For instance, let's look at the teeth. Is that really a reptilian feature? Not all reptiles have teeth, some do and some don't. Some fish have teeth and some don't. Some mammals have teeth and some don't. There were even some birds that had teeth. So the fact that it had teeth, doesn't necessarily link it to reptiles. When compared, the teeth on the Archaeopteryx were not even similar to reptilian teeth.
When we consider the claws, again we must realize that we aren't necessarily dealing with an exclusively reptilian feature. There are actually birds living today such as the hoatzin and ostrich which have clawed wings. After years of study, Archaeopteryx has been classified as a bird. It had fully formed feathers, a large wishbone, as well as the brain and jaws of real birds.
So, after all the hype, we see that it was nothing more than a bird with a couple specialized features.
To further solidify the point, let's discuss what it would take for a reptile to change into a bird. First of all it would somehow have to change scales into feathers. The truth is, scales are a far cry from feathers which are very complex and specialized. Scales are actually just folds in the skin. Feathers on the other hand come from follicles inside the skin.
They also possess an intricate structure of tiny hooks and barbs making them strong and waterproof. They are also lightweight with the correct aerodynamics for flight. Some other differences between reptiles and birds that would have to change are:
Again, there is no evidence whatsoever in the fossil record of any gradual change in any of these systems or even any conceivable working models of change.
- The repiratory system--reptiles have a billows type where the air enters and exits through the same pathway. Birds have a completely different type which is essential for flight, where the air enters and exits through different pathways.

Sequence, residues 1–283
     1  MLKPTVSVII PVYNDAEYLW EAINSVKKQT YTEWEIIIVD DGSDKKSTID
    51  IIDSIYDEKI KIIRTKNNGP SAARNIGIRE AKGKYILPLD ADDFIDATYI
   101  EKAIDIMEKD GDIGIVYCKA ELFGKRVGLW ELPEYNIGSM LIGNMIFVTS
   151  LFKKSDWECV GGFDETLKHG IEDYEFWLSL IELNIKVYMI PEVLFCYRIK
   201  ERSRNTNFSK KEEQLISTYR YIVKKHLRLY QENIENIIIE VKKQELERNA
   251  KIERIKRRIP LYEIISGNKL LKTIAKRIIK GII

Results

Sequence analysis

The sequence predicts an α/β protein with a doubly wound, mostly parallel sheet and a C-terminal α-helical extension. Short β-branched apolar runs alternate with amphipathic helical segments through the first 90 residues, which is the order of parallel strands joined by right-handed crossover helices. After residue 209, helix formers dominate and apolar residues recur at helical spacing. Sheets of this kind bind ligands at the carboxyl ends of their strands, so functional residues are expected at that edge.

- The skeletal system--birds have lighter, hollow bones which allow for flight, reptiles don't.
- The digestive and nervous systems of reptiles would also require radical changes.
Ever since the idea that humans evolved from apes became popular, there has been a race to discover the missing link. This link would be a creature caught in a stage between distinctly ape and distinctly human.
Over the years there have been many candidates to fill this role, some popular and promising and others an embarassment to those embracing them. Let's look at some of these characters.
There are also some stories which would make the 'best-if-forgotten' list...
- Ramapithecus--A few jaw fragments and several teeth were found in Africa in the 1930's by Dr. Pilbeam. The jaw seemed to be ape-like with human characteristics and therefore the creature was
classified as a possible human ancestor. A complete jaw and skull portion was later found and Ramapithecus is now known to have been an extinct type of orangutan.
- Pithecanthropus or 'Java Man' came on the scene in 1891 when a tooth, skullcap and thighbone were unearthed by Eugene Dubois. The tooth and skullcap were considered to be ape-like and the femur looked human. Dubois summized that they were from an
upright-walking ape or an intermediate between ape and man. The problem was that the skullcap and thighbone were found 50 feet apart making it suspect weather they were even from the same creature. After some of his peers failed to comfirm